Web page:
Friday, February 20, 2009

Are Ancient People Less Human than I Am?

In this post, I rattled on about a disturbing political trend of valuing the lives (or well-being) of foreigners as less important than our own.

Now let's talk about religion. It's not surprising that religious perspectives are so closely related to political stances on such matters of "foreign relations." Open a Bible, read a few pages, and you'll be smack-dab in the middle of the argument.

Some Christians contrast the "Israel-centric" nature of the Old Testament with the "universal" audience of the New Testament. And, in fact, it's true. The Old Testament is, in large part, a history of the wars that Israel fought against anyone and everyone. Sometimes they attacked, sometimes they were attacked. Sometimes God ordered Israel to kill civilians, sometimes God used Israel's enemies to slaughter Israel's civilians. Or to be more accurate, in God's eyes, no infidel was a civilian.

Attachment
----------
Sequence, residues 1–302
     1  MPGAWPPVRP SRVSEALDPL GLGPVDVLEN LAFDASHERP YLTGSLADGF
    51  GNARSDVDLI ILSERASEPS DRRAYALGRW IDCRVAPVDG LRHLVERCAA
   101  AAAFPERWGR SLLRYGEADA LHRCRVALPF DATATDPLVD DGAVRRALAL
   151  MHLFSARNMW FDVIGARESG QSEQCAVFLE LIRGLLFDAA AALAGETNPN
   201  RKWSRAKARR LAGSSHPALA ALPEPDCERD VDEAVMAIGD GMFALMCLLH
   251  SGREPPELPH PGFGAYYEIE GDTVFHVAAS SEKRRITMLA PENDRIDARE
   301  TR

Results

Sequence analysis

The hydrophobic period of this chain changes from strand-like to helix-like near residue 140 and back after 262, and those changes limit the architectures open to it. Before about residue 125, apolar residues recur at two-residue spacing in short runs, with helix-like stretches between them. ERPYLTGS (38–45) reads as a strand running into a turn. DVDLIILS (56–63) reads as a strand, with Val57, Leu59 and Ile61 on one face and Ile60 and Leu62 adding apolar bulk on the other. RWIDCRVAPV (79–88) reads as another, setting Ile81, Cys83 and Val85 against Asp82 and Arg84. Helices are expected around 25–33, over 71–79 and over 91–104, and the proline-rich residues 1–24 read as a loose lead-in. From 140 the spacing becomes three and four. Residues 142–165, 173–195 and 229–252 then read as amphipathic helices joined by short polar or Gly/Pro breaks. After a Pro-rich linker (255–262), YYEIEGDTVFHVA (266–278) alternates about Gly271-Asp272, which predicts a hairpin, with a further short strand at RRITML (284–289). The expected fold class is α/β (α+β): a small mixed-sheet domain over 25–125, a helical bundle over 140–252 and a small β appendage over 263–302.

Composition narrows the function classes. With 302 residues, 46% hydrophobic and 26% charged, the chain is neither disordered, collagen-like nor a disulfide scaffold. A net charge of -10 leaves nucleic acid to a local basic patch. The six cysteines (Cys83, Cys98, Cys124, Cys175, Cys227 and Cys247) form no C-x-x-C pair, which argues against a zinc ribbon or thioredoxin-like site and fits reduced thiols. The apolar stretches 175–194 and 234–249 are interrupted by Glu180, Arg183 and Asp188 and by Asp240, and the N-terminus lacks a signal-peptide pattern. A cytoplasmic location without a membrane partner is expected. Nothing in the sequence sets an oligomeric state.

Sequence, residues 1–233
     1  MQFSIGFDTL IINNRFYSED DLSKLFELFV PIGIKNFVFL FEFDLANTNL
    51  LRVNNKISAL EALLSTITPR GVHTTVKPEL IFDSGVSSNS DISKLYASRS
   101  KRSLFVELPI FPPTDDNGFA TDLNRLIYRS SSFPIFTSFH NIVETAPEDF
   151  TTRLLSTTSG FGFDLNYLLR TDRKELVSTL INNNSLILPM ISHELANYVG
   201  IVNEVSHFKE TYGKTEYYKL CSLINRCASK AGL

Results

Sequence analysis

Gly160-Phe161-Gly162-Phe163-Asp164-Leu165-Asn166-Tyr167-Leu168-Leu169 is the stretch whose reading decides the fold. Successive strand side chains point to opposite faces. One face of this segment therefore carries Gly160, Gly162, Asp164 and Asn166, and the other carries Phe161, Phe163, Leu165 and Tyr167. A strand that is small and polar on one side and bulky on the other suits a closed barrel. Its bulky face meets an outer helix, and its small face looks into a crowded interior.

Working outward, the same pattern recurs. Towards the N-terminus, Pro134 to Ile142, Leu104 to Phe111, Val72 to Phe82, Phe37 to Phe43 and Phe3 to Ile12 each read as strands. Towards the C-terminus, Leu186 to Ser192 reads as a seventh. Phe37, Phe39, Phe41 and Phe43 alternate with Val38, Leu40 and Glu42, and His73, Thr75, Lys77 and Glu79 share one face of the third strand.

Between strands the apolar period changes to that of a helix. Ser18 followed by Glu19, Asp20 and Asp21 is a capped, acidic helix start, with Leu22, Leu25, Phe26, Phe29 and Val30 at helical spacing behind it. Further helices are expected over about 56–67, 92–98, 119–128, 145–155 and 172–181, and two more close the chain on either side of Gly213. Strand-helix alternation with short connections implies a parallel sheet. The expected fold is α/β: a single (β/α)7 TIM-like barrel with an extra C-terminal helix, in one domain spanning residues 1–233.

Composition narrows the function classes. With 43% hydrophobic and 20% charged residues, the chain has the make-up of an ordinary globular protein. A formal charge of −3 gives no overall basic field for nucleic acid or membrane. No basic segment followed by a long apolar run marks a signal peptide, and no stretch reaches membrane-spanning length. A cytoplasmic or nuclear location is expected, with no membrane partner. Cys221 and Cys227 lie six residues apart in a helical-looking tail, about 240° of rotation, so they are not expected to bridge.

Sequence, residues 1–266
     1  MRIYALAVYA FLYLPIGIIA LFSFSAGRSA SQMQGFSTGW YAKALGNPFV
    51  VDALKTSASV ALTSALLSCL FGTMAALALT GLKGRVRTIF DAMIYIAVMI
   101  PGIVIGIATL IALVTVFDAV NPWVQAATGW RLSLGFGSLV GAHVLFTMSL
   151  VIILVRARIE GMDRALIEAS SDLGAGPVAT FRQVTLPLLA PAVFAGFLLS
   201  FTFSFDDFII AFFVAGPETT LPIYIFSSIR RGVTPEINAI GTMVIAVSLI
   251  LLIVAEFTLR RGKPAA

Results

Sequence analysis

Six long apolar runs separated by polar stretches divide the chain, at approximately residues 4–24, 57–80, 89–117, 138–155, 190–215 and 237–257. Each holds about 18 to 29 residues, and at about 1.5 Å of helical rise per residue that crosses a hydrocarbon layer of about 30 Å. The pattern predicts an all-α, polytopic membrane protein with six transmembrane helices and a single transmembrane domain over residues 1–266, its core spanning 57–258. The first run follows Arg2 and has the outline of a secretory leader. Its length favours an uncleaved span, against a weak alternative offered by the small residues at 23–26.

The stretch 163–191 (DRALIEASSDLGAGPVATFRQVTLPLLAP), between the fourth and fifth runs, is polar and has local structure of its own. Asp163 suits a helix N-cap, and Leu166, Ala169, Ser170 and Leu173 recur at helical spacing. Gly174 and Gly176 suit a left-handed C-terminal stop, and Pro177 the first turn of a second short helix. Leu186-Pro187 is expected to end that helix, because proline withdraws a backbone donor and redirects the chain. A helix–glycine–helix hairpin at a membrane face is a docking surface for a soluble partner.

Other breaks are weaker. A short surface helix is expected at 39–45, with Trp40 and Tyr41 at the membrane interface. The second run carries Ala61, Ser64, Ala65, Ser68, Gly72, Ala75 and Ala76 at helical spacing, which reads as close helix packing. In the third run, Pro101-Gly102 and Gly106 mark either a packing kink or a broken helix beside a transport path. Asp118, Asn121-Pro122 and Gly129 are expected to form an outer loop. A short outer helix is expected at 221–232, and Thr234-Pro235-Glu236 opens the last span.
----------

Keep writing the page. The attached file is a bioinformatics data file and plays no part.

While there are some notable exceptions, the idea that people in ancient Israel were more valuable than anyone else is fundamental to the Old Testament.

Much has been claimed about the religious revolution the New Testament writings initiated. But foreigners had always been permitted to join the Hebrew religion, as long as they joined the nation of Israel. If the New Testament really was revolutionary, perhaps it was not so much in a religious sense as in an ethnic sense. In a culture whose religion preached that non-Jews were worth little, Jesus and his followers suddenly asserted that human value is (at least relatively) independent of nationality or culture.

In modern politics and religion, the liberal-conservative split still seems to revolve around this issue. How much is your life worth compared to mine?